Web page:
Real estate of affairs for dot-coms

Downturn creates glut of trendy office space

A year ago, it was impossible to find decent office space in the trendy high-tech districts, with rents skyrocketing to more than $5 per square foot, and prime space often causing bidding wars.

But that was last summer.

With the demise of dozens of Netcos, office space in hot multimedia areas such as Santa Monica and Culver City is back on the market — and at a discount rate. Get lucky enough, and renters even get bonuses like installed phone systems and office furniture left behind.Vacancy rates in Santa Monica have grown from about 1% last June to between 6% and 12% today. Rents have plunged to $3 per square foot in once high-demand areas. And some defunct dot-coms desperate to sublease their way out of expensive long-term rentals are undercutting even that figure. But at bargain prices, is there anyone left to pay the rent?

So far, no.

  • The foreboding brick warehouse on Broadway in Santa Monica that once housed online entertainment venture Digital Entertainment Network boasts locked metal gates that keep visitors away from a front entry littered with old newspapers. Weeds have laid claim to the cracks in the sidewalk.

  • Hidden behind the See’s Candy factory on La Cienega in Culver City, the ultra-modern offices of are now empty. The only sign of the defunct Netco is a two-toned blue sign on the street, and the company’s name spray-painted on a few parking blocks. Inside, bare concrete floors and lime green walls are broken only by an occasional white board.

  • The same is true for the orange stucco home of in Burbank. That building has remained empty since the company’s closure earlier this year. A single phone on the silver receptionist’s desk is the only remaining piece of equipment, unless you count the open sofa bed in the deserted parking lot.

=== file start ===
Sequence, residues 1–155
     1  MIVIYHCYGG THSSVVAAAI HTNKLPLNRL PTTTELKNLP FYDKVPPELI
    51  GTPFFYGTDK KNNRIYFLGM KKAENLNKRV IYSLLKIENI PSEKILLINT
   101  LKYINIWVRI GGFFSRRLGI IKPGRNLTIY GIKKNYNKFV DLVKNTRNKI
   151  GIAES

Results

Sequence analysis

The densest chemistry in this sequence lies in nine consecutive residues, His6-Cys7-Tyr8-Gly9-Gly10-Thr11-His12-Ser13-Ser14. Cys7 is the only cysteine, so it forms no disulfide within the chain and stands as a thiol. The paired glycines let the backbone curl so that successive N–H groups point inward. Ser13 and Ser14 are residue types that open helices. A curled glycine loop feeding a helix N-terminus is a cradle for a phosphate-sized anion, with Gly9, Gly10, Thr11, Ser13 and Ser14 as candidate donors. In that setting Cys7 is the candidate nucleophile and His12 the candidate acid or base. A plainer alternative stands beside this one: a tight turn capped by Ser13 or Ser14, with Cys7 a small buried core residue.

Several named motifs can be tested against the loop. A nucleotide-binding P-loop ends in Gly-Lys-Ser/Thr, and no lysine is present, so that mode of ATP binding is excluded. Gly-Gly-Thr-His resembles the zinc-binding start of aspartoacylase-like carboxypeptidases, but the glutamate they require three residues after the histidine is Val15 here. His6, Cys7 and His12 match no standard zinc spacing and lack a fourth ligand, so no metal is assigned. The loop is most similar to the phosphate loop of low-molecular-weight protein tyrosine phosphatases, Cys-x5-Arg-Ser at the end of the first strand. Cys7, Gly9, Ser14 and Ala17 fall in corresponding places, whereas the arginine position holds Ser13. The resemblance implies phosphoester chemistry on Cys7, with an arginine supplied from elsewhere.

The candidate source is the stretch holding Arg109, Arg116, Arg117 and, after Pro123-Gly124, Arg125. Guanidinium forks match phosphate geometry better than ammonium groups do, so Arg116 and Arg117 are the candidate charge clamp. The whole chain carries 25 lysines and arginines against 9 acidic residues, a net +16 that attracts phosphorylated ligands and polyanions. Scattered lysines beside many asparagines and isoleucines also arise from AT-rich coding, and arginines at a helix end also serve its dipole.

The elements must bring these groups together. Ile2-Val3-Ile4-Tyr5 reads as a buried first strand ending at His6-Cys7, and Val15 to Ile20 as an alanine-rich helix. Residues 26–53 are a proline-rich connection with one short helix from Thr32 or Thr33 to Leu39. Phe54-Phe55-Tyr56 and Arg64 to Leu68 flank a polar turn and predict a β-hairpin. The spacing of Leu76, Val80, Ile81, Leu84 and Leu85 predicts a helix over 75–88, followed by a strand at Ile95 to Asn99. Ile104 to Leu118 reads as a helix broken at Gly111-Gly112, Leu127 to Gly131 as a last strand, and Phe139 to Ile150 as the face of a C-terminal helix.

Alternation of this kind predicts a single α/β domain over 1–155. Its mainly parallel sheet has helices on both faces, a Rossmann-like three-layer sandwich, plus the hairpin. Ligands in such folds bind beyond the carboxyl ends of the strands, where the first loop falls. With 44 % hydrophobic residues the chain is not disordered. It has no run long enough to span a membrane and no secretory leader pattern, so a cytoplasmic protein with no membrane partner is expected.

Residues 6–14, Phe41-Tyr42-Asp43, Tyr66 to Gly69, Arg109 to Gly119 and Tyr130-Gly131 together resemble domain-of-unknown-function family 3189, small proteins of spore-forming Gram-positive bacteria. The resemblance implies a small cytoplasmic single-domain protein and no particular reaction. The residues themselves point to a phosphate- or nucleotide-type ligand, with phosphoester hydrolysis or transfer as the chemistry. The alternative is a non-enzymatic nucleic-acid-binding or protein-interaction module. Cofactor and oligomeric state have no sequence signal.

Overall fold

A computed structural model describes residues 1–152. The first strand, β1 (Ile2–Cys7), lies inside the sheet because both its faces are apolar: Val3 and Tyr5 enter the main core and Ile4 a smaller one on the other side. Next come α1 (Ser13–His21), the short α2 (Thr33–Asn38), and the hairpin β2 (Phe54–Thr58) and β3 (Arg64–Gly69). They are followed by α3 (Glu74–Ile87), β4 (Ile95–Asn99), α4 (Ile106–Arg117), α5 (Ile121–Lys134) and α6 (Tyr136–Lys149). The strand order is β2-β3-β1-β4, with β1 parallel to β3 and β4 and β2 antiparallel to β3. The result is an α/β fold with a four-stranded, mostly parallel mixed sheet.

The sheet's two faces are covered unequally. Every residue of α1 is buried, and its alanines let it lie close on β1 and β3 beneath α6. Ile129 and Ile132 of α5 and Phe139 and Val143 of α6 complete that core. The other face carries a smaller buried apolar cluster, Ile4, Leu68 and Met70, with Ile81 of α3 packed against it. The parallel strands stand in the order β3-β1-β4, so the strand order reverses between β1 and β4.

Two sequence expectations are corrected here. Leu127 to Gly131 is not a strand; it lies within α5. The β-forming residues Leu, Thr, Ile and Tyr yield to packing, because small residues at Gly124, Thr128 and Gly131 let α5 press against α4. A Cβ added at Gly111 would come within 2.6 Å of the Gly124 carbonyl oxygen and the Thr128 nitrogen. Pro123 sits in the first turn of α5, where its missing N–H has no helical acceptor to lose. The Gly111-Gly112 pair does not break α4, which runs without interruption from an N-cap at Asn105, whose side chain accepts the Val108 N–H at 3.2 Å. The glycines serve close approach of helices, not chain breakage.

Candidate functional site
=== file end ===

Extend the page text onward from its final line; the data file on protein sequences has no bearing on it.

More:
The problem isn’t finding tenants to fill up empty buildings. The challenge is finding new tenants willing to live with dot com aesthetics.

“A lot of the space that these firms are in are very creative, funky, fun work environments that the traditional companies are not used to,” says Colliers-Seeley broker John Bibeau.

As start-ups drop off the radar, old economy players such as law firms and more traditional entertainment companies are scooping up the good deals. HBO and Sony Pictures Digital Entertainment are rumored to be searching for new office space on the west side, as is a large Westwood law firm.

But don’t dismiss the dot coms. Eureka Broadband, a high-speed Internet access provider, has set up shop inside DEN’s former canary yellow offices with the requisite high open ceilings and exposed ventilation system. EToys may be bust, but across the street, News Digital Media is still operating inside its posh concrete and steel warehouses. And iFilm, among others, remain in their refurbished Hollywood lofts.

“We were really frugal,” says iFilm’s Melissa Zuckerman. “We didn’t get this huge ocean front property in Santa Monica.” Still, iFilm subleases some of its 25,000 square feet to a Web design firm, and says they are looking for more tenants — a plan they’ve had since leasing the building last year.

“The outlook has been doom and gloom,” says Michael Teller, executive veep of First Property Realty. “We were living in a false sense of reality where companies were gobbling up space that they had no business taking up.”

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